Legal and illegal practice
- The Dentists Act 1984 (the Act) sets out the law in relation to the provision of dental treatments and advice in the UK.
- By law, all dental professionals in the UK must be registered with the GDC in order to work legally and safely.
- To find out if a dental professional is registered with us you can check our register.
- Section 38 of the Act makes it a criminal offence for anyone who is not registered with us to practise dentistry or to offer or imply they are prepared to practise dentistry.
- Section 37 of the Act explains that practising dentistry means providing or offering to provide the treatment, advice or attendance that would usually be given or performed by a dentist.
- Section 39 of the Act makes it a criminal offence for anyone who is not registered with us to take or use various protected dental titles, such as 'dentist', 'dental nurse', 'dental hygienist' 'dental technician' or to imply that they are a registered dental professional.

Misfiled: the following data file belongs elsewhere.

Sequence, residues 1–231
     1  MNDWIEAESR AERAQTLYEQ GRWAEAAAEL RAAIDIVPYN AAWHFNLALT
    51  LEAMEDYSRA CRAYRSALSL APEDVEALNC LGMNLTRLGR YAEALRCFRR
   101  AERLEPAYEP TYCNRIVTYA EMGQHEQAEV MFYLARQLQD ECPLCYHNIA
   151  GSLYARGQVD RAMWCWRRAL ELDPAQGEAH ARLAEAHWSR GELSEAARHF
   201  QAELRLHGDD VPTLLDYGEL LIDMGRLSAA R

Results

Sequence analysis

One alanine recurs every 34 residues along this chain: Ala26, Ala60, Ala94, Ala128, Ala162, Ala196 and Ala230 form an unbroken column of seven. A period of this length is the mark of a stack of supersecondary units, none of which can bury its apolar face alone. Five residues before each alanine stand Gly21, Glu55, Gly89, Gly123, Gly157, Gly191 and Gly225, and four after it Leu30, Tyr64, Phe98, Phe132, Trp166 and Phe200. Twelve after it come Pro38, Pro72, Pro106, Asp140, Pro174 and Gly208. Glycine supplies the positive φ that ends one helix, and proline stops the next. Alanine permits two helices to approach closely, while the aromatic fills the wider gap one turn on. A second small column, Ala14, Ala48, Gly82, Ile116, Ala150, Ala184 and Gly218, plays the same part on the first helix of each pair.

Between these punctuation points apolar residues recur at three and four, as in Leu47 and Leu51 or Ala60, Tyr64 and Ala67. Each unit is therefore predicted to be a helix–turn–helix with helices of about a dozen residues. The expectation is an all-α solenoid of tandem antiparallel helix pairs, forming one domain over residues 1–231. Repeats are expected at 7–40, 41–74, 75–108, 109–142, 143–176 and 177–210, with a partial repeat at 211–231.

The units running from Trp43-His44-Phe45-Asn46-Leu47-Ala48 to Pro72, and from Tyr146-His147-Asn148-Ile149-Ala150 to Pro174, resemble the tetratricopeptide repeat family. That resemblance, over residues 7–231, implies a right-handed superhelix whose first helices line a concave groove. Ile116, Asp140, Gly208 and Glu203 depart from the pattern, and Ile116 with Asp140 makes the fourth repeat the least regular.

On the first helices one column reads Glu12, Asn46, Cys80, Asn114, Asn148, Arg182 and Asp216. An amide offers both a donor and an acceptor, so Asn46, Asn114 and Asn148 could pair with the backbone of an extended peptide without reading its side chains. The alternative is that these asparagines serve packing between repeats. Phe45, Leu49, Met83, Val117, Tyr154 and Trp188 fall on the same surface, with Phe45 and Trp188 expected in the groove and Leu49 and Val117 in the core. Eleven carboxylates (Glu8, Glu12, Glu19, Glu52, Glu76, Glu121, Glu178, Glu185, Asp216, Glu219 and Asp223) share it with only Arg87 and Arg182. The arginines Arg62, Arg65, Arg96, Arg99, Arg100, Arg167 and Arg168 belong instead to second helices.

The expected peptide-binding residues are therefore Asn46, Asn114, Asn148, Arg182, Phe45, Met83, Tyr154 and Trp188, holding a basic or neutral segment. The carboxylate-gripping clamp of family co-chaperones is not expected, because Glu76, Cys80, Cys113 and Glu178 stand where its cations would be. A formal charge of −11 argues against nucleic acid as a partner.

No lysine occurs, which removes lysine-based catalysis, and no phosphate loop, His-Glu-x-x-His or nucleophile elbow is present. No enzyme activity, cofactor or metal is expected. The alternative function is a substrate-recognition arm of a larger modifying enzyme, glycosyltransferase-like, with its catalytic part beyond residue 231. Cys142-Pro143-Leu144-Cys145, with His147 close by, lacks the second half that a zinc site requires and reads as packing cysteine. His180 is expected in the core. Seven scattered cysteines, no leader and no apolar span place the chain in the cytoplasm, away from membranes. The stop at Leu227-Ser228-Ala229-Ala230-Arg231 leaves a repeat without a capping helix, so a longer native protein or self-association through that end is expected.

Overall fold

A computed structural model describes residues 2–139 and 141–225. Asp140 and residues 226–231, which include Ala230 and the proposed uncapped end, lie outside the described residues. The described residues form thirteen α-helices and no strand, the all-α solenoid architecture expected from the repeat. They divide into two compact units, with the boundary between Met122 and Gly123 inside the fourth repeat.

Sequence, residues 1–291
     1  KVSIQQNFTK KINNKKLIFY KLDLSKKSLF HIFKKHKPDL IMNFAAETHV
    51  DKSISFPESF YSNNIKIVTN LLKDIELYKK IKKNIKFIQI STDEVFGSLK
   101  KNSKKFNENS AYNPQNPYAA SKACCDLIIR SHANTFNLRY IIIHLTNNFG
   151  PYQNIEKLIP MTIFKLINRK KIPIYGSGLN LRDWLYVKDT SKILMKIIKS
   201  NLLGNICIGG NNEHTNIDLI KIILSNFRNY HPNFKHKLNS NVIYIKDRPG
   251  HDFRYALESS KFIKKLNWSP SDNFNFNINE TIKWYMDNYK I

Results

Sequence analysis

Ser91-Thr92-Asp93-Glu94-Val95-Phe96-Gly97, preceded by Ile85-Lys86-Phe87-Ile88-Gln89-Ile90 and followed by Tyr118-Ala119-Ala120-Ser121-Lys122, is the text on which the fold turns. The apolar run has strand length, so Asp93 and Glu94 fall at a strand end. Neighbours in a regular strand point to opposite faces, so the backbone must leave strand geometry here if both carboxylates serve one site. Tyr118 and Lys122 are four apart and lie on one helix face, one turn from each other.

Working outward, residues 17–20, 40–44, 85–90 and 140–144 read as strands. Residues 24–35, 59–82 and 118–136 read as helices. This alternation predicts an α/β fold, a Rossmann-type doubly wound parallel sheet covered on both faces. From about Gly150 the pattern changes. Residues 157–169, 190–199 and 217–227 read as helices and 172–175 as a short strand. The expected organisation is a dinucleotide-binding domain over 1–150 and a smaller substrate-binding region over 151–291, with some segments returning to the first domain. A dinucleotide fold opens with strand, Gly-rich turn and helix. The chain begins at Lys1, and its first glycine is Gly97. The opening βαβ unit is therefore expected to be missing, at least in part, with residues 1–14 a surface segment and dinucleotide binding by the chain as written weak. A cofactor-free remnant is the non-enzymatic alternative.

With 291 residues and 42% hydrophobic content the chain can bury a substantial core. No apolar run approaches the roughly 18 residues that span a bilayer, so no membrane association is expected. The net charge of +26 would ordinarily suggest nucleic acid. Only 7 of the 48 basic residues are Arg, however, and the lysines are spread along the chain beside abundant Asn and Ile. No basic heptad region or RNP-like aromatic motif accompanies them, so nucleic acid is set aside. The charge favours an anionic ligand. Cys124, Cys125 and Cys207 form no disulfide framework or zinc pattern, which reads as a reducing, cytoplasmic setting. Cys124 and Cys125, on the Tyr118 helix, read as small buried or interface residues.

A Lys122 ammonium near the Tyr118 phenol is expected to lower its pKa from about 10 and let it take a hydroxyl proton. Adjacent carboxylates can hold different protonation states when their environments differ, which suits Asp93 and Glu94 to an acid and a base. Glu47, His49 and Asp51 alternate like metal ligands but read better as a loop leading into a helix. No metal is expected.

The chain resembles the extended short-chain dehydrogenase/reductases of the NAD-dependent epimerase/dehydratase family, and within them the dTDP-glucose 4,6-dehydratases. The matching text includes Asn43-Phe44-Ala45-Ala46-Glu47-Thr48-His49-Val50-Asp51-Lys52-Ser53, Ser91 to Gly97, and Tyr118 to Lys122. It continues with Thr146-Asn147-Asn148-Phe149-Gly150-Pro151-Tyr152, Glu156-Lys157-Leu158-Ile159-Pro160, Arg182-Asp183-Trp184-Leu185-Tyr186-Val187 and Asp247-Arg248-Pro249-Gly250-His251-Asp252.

- Sections 40 and 41 of the Act sets out that it is a criminal offence for an individual who is not registered with us to receive payment for dental treatments or advice.
- Section 43 of the Act sets out that if a company is going to receive payment for dental treatment or advice, the majority of its directors must be registered with us or it will be committing a criminal offence.
- All of these offences are punishable by an unlimited fine in England and Wales and are heard in the magistrates' courts.
- The High Court confirmed the GDC position that tooth whitening is the practice of dentistry and can only safely and legally be offered by registered dental professionals in the case of GDC v Jamous  EWHC 1428. This is regardless of the products used and we have answered some frequently asked questions on this topic below.
- The GDC will consider all allegations of illegal practice that are reported to us and we take these allegations very seriously because of this risk of harm to the public that is posed by it.
- We have a Prosecution policy which sets out how we will action these concerns or complaints that we receive.
- We will also publicise the cases that we prosecute to raise awareness in the public in the need to ensure that their dental treatment is conducted safely by registered dental professionals.
Getting in Touch with Us